How to Convert Your Plain Jane Home into a Log Cabin with Real Log Siding
Have you dreamed of owning a log cabin but couldn’t afford it? There’s another option that is within most people’s reach. By converting your Plain Jane home into a log cabin with our log house siding, you will be able to achieve this goal. Follow the steps in this guide to begin your log siding installation project.
Step 1. Take a look at the exterior of your home
Take a look at the exterior of your home and image what it would look like as a log home. Think about the type and amount of work to either remove the exterior material or simply cover it up. This way you can decide if you want to install the log cabin siding yourself or hire a contractor.
Think about your climate. Is it a moderate one or is it very cold in the winter or very hot the summer. Is it humid or arid year round? If the climate and/or sun has damaged the existing siding enough to prevent a flat and easy new log cabin siding installation then it will need to come off. These types of siding NEED to come off and cannot be covered up with log cabin siding:
- Any siding that has bulged out or warped
- Poorly installed siding
- Fiber cement
- Insulated vinyl that is wavy
- Any siding that is in poor condition
The reasoning is that undesirable siding can cause more severe issues down the road. It will be very difficult to attach new siding over problem siding. A third problem is that you may void the manufacturer’s warranty on the new siding. The drawback is that the more preparation needed before installing the new siding, will likely cost you a bit more.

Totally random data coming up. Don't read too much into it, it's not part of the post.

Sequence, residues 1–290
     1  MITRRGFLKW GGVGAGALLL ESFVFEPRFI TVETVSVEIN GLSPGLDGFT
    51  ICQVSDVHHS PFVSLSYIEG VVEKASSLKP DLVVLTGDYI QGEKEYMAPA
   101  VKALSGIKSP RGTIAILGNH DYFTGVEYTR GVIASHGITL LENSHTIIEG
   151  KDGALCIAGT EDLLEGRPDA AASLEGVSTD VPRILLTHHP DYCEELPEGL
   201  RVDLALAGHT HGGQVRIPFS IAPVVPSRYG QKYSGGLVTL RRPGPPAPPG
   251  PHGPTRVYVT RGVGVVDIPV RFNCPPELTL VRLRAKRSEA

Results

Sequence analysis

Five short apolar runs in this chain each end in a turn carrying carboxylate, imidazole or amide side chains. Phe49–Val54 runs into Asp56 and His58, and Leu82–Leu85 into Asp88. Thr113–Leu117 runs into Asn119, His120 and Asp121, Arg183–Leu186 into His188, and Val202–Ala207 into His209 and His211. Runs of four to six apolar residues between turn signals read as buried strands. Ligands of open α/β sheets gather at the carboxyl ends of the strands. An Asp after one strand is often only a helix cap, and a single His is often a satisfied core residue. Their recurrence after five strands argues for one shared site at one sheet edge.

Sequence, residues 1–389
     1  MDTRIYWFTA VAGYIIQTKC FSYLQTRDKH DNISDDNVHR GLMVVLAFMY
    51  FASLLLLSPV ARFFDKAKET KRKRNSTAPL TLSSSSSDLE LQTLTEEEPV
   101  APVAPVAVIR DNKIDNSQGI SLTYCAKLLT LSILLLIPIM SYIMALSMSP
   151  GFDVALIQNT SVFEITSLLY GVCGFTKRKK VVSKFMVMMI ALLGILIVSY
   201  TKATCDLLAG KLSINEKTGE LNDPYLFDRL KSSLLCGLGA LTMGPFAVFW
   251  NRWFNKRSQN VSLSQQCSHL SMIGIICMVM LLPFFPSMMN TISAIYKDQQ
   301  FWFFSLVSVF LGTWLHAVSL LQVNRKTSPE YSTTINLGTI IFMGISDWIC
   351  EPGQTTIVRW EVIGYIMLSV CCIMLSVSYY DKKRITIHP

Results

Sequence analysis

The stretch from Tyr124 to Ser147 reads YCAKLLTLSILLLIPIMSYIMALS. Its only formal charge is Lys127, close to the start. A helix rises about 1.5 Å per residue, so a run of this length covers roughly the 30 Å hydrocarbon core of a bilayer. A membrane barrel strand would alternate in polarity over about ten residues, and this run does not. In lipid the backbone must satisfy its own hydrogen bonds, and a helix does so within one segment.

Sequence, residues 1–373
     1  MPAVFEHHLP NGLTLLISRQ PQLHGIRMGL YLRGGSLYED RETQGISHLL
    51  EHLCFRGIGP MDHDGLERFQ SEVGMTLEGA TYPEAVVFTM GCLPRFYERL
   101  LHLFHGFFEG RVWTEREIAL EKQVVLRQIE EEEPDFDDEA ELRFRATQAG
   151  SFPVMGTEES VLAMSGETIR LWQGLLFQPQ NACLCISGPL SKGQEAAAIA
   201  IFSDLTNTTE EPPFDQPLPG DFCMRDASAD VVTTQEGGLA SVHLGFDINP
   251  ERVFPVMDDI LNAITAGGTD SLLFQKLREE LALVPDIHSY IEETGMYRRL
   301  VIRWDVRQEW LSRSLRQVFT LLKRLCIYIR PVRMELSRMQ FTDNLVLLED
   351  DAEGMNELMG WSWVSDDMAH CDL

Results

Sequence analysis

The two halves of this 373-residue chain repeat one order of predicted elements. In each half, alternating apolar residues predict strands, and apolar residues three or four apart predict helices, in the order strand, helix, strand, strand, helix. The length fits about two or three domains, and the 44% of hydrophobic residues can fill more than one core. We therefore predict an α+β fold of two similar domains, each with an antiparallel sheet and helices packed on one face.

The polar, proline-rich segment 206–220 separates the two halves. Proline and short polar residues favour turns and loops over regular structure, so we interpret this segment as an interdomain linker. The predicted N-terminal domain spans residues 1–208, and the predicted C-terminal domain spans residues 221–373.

On the other hand, it is up to you whether to remove the siding or not. The only real benefit of leaving the existing siding is that the project’s cost will be less, but it could cost you more in the long run. The average homeowner may need help in making this decision on their own.
Log cabin siding for the exterior and interior walls takes the place of full logs. This type of siding is created by literally removing the center of the log and retaining the two outside pieces to explain it move visually. Each piece of our log cabin siding will have a flat side and a rounded side. The flat side is attached to the walls (studs). When installed with corner pieces and trim, you can’t tell our log house siding from a full log home.
Log cabin siding comes with either a smooth finish or hand-hewn surface. You can even order it pre-finished to save a lot of work and time. You have the options of removing the exterior siding and interior wallboard or installing the log siding right over them. Check with a contractor to determine the feasibility of doing this, zoning codes, and the insulation requirements.
Step 2 – If Leaving the Existing Siding On
Before you begin you must check each piece of siding to determine if it is solidly installed and secure any loose pieces so they will not affect the new ones. You must be physically able to place log cabin siding over the existing siding so that is will remain solidly in place and flat. Remove the trim around the doors, windows, and corners to make room for log trim.
Next, install the trim around the doors and windows with the proper type and length of nails. Follow up with corner systems of log trim. Once this is in place you can begin installing the log cabin siding from the ground up. Use tongue-and-groove siding with the end-matching system for secure joints that fit perfectly. Use a nail gun or screw gun to secure them.
Next comes the eaves on all sides of the home. To finish the job secure all eave and soffit boards. It may be necessary to rip (saw) one section of siding to fit under the eaves to cover the smaller openings. Create a drip edge so the water will run off.